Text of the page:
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Re: iterations are s l o w

From: Ted Harding
Subject: Re: iterations are s l o w
Date: Fri, 14 Jul 1995 13:01:49 +0200 (BST)

( Re Message From: Francesco Potorti` )
Exactly the same happens in Matlab, for instance. Without knowing the full
internal details, the essential reason is that your first code (for n=12)
makes several passes (on j), for each value of i, through the interpreter
(which is relatively slow), passing single elements from the arrays each
time, while your second code makes one pass, passing the arrays in full
that one time. The compiled-in array arithmetic routines are very fast
indeed, so almost all the time is spent in the interpreter.  Hence your
time factor. There is also the overhead of extracting the individual
elements from each array each time, and assigning the individual results.

Programming with whole arrays rather than element-by-element should always
be adopted when possible in Matlab or octave - it is what they were
designed for. You should no more think of doing your calculation
element-by-element than you should think of computing a matrix product

It is worth making every effort (which may sometimes require considerable
ingenuity) to maximize the "array-wise" computation.  Some of my
calculations, which take a minute or two done array-wise, would take
several days if done element-wise.

Ted.                                    (address@hidden)
> I got a tenfold or some increase on a simple instructions loop by
> modifying it to use matrix ranges.  While I expected a speed increase,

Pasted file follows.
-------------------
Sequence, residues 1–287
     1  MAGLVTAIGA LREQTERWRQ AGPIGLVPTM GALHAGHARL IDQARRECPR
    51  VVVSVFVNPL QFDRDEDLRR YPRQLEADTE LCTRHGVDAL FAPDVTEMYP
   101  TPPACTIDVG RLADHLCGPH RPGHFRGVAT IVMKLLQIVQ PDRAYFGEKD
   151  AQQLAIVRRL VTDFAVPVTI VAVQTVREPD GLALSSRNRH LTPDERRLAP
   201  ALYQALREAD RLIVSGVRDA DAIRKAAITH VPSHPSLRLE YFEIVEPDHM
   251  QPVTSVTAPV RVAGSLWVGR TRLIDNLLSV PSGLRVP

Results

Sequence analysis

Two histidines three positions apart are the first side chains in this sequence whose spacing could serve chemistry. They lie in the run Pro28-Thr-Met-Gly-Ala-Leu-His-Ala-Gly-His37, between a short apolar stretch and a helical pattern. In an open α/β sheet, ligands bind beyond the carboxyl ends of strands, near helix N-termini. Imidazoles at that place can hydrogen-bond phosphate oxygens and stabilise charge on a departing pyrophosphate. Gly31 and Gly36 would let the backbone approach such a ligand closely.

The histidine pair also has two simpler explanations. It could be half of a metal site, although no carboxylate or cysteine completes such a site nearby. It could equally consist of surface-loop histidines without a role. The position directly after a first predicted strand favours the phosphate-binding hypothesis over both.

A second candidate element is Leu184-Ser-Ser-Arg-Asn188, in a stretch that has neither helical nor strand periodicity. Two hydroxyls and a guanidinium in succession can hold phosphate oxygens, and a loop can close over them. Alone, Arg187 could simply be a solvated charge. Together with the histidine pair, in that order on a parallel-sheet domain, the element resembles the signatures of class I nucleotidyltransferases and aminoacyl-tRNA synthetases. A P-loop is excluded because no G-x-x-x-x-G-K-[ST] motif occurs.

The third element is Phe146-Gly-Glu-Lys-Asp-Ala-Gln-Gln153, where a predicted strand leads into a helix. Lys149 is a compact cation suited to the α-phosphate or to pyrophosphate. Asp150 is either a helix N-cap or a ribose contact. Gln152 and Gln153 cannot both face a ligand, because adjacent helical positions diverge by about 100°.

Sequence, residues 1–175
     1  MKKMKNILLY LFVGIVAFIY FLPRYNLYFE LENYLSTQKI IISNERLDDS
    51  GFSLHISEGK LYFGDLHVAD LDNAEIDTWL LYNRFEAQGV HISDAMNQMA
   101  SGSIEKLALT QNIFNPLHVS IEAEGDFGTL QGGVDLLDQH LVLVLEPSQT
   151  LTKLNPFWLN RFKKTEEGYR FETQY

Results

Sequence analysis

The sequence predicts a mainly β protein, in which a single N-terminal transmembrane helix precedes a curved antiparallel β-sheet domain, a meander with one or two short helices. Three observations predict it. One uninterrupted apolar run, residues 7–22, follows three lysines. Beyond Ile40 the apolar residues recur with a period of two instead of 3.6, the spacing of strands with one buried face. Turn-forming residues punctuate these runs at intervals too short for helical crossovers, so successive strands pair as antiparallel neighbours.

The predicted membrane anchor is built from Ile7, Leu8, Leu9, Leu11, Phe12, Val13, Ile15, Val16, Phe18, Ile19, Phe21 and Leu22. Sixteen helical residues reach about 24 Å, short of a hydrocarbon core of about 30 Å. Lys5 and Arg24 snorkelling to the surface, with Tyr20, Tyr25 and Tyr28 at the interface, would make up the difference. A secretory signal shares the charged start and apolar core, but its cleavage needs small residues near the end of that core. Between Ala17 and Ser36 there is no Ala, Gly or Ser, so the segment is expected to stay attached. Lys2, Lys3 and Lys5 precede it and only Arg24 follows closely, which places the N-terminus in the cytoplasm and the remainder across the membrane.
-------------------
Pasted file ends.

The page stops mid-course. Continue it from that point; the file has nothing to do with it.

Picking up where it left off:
> I have the feeling that the increase is too big, and something is
> wrong in the for iteration.
> In the following, FBM is a 2^n+1 long column vector.  The second code
> does the same thing more or less 10 times quicker on an alpha (I can
> time it exactly if it is important) when n is 12.  With greater n, the
> difference is greater yet (this is obvious, but it is too much, in my
> opinion). 
> Is there a reason or is it a sort of "performance bug"?
> ##for i = 1:n
> ##  d = 2^(n-i);
> ##  scale = scale * 2^-H;
> ##  for j = d+1:2*d:N-d+1
> ##    FBM(j) = 0.5 * (FBM(j-d) + FBM(j+d)) + FBM(j)*scale;
> ##  endfor
> ##endfor
>   for i = 1:n
>     d = 2^(n-i);
>     scale = scale * 2^-H;
>     range = [d+1:2*d:N-d+1];
>     FBM(range) = 0.5 * (FBM(range-d) + FBM(range+d)) + FBM(range)*scale;
>   endfor
> --
>        Francesco Potorti`     | address@hidden (Internet)
>        researcher at          | 39369::pot (DECnet)
>        CNUCE-CNR, Pisa, Italy | +39-50-593203 (voice) 904052 (fax)

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